"I'm not sure I'm following thou," I said.
"For me it’s almost over, my heart’s not been right, but for Billy over there, who’s only twenty-two, I’m worried.  You know, in the past it was religious fanatics and cult leaders who predicted the end of the world was coming.  They even came up with dates for that.  Of course it never happened.  Not yet anyway. But what’s different now is that we have every scientist agreeing that things are not heading in a good direction for us.  So that’s why I keep my eye on that glacier.”
Though understanding, this was not a lesson we had come all this way to hear--we wanted to just take things in--so I changed the subject, “You mentioned that you do forestry work freelance.  I always assumed that guys in your field all worked for the government.”
“Well, that’s true.  Everyone else I went to school with does work for the Forestry Service or some other government agency.  I, though, saw a niche for myself so I’ve been doin' it on my own.”
“How’s that?  How does that work?”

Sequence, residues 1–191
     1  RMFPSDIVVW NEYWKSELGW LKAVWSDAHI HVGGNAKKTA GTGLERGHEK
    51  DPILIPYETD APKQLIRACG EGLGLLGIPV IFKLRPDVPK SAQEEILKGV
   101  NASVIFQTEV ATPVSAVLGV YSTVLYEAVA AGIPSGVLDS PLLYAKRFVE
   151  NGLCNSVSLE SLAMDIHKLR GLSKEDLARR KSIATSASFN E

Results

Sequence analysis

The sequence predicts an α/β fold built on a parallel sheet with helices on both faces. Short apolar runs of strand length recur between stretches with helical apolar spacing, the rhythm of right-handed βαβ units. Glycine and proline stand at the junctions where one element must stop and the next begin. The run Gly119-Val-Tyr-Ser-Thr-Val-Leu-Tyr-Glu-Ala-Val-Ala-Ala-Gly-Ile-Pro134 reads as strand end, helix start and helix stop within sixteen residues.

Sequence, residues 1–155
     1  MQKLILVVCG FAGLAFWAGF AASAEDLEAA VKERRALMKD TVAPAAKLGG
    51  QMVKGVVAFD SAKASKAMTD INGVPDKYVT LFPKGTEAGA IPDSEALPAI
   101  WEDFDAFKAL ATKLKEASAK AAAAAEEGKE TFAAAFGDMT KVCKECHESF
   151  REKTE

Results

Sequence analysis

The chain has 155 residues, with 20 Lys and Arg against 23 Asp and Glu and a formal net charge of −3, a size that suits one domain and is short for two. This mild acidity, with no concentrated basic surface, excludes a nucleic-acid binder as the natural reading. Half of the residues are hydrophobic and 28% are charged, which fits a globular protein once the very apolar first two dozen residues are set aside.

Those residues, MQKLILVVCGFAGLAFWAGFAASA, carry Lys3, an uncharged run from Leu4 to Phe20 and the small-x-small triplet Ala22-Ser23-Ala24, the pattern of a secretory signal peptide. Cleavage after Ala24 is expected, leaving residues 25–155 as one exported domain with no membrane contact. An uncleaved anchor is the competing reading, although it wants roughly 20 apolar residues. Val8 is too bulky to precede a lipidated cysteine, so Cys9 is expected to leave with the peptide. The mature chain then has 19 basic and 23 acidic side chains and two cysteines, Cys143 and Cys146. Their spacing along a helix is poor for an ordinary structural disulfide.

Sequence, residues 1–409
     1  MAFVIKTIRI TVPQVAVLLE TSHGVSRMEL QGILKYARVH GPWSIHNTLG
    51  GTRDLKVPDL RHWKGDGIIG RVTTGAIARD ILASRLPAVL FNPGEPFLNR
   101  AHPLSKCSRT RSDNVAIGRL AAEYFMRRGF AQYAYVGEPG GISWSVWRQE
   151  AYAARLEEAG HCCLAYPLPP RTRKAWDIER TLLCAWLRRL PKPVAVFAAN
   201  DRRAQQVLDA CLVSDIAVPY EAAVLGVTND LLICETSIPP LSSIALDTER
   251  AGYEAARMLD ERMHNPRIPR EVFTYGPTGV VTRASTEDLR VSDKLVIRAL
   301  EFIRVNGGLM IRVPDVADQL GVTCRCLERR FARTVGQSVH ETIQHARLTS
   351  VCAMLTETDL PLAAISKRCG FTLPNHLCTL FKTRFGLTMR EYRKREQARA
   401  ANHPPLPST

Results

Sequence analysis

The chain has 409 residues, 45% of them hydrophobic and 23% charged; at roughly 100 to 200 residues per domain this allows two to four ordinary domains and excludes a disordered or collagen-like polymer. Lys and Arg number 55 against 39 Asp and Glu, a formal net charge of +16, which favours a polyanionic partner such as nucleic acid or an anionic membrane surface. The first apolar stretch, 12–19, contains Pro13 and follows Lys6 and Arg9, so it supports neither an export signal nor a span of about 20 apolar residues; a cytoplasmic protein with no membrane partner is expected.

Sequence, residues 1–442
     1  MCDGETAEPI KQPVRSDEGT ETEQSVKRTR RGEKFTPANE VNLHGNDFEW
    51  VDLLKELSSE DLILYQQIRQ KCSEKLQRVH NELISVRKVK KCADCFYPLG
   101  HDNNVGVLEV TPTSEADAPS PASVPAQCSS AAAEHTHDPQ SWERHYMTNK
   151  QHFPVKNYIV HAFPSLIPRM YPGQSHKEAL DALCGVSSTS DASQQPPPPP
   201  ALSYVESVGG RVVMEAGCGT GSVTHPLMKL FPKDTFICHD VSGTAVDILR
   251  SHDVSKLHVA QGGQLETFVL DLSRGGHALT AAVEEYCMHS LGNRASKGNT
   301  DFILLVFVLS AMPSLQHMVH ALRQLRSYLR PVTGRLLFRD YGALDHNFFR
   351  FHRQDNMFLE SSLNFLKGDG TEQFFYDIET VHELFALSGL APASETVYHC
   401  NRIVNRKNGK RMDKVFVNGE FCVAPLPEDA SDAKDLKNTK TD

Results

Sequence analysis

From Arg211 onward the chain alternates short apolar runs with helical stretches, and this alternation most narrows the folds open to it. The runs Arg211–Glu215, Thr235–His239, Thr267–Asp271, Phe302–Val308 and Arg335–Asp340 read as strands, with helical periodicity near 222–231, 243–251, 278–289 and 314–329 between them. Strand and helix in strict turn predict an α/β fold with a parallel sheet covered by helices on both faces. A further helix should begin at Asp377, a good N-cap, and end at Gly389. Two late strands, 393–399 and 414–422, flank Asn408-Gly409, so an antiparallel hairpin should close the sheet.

He suddenly turned silent; but since he started this I pressed him New-York style, “You worked for developers or something?”
After a moment he shrugged and said, “Sort of like that.”  I held up to give him a minute.  It was clear that he really didn’t want to talk about this.  But he added, “You’ve driven around this area, right?”
“Yes, just yesterday and today through eastern Washington and then across the panhandle of Idaho to get here.”
“And what did you see?”
“Most of it was amazingly beautiful,” Rona said, “We followed the Clearwater River for more than 200 miles.”
We didn’t get where he was going with this so we just looked back at him.  He hitched his pants up over that remarkable belly, “Did you see all those developments closing in?”  We nodded again.
He didn’t answer his own question.  He just stood there staring off at Mount Moran. 
Then he looked around to catch Rosie’s eye, she had been circling us,  “There she is.  I better get going before I catch hell.  Nice talkin’ to you. But one more thing.”


"Like you, Billy just wants to take it one moment at a time. Can't really blame him, considering." He gestured across the lake, "So that's what's going on with him and the camera. He knows what's happening out there and prefers not to make a record of it. What else can I tell you?" He took a deep breath, and from deep within himself said, "There is one last thing before I go."

"What's that?"

"I'm just carrying around this here camera. Haven't taken a picture with it the past three years."   
He laughed and with that was gone.